The Physics
Hypertextbook
Opus in profectus

# Buoyancy

## Problems

### practice

1. Your mother gives you a kilogram of aluminum and a kilogram of lead. Both objects are solid, rectangular blocks.
1. Which is more massive on the surface of the Earth?
2. Which is more massive on the surface of the moon?
3. Which will have the greater "weight" when placed on a spring scale on the surface of the Earth?
4. Which will have the greater "weight" when placed on a spring scale on the surface of the moon?
Special notes:
• The phrase "more massive" should be read literally as "has more mass" not "fills more space".
• All "weights" measured on the surface of the moon are not made inside the protective environment of a human habitation.
A variation on this practice problem appeared earlier in the section on density.
2. What fraction of an iceberg is above water?
3. Verify the rule of thumb that one cubic meter of helium can lift about one kilogram of load at sea level.
4. Write something completely different.

### conceptual

1. Two related questions.
1. How does the buoyant force on an airplane compare to the buoyant force on a helium-filled, party balloon; that is, which is greater and why?
2. Does the magnitude of the buoyant force alone explain why airplanes crash and balloons float? If not, why then do balloons float? (Explain your answer in either case.)
2. Should footballs (American footballs that is — not soccerballs) be filled with helium to ensure longer passes and punts?

### numerical

1. [FINISH IT] The Trieste was a research bathyscaphe famous for its record dive of 10,911 m (35,797 ft) to the deepest part of the ocean — the Challenger Deep in the Mariana Trench near Guam — on 23 January 1960. The vessel consisted of a 2.16 m (7.09 ft) diameter pressurized steel sphere for the two crew members suspended below a series of floatation tanks filled with 85,000 liters (22,000 gallons) of gasoline.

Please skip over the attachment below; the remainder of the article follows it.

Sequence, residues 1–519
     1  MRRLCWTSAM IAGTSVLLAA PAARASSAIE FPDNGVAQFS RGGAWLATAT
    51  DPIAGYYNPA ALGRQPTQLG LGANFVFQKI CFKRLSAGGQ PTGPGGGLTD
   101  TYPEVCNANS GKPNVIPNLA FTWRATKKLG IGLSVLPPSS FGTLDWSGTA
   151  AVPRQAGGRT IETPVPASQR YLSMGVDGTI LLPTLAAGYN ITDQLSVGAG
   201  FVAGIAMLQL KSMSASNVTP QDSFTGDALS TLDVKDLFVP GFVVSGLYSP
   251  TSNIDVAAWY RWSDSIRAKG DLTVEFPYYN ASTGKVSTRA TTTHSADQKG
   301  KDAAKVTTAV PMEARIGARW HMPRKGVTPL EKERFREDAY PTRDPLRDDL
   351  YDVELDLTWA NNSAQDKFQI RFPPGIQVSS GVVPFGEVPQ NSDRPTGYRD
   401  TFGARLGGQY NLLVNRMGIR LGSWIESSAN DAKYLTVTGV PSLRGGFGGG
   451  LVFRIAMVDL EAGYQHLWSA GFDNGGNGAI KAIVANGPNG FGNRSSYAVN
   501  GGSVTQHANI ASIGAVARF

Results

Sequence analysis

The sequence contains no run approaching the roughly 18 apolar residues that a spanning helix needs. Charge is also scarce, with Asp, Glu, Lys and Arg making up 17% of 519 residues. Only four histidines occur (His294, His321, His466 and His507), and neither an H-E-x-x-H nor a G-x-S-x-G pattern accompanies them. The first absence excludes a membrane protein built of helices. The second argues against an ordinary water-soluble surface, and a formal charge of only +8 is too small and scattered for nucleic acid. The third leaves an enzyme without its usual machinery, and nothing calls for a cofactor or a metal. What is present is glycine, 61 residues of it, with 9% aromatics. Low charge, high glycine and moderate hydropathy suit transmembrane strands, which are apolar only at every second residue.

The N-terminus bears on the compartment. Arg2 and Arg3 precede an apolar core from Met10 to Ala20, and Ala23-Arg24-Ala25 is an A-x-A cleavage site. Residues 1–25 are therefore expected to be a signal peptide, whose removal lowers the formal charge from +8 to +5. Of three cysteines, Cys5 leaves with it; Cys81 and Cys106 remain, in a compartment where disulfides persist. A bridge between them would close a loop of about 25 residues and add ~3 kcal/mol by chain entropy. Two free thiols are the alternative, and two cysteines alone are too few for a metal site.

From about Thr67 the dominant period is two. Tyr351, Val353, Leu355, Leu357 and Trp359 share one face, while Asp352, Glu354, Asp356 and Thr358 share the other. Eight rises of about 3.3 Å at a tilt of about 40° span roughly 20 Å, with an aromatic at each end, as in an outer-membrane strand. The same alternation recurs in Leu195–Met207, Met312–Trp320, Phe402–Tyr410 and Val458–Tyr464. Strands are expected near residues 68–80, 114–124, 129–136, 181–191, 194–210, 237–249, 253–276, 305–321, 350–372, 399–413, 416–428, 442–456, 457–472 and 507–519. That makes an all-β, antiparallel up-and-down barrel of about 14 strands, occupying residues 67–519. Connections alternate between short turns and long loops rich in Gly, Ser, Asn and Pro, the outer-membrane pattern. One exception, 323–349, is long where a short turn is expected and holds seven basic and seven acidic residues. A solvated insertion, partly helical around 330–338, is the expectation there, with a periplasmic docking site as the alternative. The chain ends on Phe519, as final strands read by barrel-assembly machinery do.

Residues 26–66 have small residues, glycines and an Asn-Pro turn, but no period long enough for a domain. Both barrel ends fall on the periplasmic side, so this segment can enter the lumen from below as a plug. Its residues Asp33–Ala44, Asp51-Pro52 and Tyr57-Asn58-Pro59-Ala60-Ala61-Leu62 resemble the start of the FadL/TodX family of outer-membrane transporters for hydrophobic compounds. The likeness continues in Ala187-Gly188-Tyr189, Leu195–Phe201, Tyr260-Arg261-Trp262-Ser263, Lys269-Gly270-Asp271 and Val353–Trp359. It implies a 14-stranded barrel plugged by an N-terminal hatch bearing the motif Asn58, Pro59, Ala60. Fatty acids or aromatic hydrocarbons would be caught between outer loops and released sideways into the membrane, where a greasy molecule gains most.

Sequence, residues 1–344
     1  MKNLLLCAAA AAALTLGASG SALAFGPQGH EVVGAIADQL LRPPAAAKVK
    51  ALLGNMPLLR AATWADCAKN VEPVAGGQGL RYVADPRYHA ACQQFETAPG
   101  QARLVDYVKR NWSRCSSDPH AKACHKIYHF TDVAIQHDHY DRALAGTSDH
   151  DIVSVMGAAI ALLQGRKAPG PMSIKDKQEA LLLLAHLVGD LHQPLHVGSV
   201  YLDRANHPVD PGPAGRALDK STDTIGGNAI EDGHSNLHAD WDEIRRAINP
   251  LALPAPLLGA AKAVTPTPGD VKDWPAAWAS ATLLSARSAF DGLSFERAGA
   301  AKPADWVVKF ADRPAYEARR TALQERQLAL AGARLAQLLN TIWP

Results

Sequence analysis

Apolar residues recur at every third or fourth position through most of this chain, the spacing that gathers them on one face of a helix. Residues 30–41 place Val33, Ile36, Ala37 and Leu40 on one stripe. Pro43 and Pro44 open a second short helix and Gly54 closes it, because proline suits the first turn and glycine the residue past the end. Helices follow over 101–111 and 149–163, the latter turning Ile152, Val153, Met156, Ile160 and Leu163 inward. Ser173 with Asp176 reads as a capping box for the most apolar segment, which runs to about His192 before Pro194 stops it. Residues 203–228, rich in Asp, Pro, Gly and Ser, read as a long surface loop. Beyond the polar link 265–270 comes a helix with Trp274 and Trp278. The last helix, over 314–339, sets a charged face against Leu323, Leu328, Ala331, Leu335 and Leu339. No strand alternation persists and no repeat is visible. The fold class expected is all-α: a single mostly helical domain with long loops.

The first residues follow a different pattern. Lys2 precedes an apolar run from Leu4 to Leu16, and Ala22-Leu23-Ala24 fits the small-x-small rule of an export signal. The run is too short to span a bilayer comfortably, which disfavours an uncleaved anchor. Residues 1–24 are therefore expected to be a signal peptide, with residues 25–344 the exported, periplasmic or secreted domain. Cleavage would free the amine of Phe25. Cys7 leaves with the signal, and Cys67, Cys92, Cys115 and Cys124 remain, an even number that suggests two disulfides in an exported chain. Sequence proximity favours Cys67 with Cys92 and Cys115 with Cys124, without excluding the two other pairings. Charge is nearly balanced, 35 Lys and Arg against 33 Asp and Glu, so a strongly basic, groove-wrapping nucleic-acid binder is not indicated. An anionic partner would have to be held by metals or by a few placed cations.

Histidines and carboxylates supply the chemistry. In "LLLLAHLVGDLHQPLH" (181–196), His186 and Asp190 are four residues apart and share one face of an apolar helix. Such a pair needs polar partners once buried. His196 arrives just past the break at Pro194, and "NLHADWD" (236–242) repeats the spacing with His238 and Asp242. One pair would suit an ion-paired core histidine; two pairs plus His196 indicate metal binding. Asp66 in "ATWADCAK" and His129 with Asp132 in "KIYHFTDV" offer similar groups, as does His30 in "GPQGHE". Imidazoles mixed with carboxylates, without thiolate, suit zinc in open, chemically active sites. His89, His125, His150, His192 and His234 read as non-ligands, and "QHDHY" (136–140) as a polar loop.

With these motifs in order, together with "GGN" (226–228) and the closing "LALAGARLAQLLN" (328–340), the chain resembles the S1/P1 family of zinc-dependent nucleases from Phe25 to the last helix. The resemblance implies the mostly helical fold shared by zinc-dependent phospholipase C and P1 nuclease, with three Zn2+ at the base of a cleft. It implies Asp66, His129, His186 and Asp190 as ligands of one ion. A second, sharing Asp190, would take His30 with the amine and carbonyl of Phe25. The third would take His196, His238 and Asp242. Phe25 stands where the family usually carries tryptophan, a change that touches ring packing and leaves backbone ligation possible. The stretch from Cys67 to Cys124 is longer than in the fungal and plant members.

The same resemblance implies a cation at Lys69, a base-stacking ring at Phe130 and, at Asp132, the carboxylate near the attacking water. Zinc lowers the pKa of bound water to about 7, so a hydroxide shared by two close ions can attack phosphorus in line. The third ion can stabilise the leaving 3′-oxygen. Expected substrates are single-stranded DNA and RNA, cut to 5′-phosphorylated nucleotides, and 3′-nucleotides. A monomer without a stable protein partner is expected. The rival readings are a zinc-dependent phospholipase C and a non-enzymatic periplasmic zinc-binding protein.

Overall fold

2. In order for a balloon to be successful, the buoyant force provided by the lifting gas must be greater than the weight of the material that makes up the balloon. The buoyant force is determined by the volume of the balloon (V) and the relative density of the gas contained within (Δρ). The weight of the balloon is determined by it's surface area (A) and the area density of the balloon material (σ). At some critical radius (rc) the lifting force of the gas within a spherical balloon will exceed the weight of the material used to make up the balloon and the balloon will work as intended.
1. Derive an equation for the critical radius described above in terms of the given quantities and physical constants.
2. Complete a table like the one below when the lifting gas is helium (ρHe = 0.164 kg/m3) and the surrounding gas is air (ρair = 1.161 kg/m3) at room temperature (T ~ 300 K).

material
area density
(kg/m2)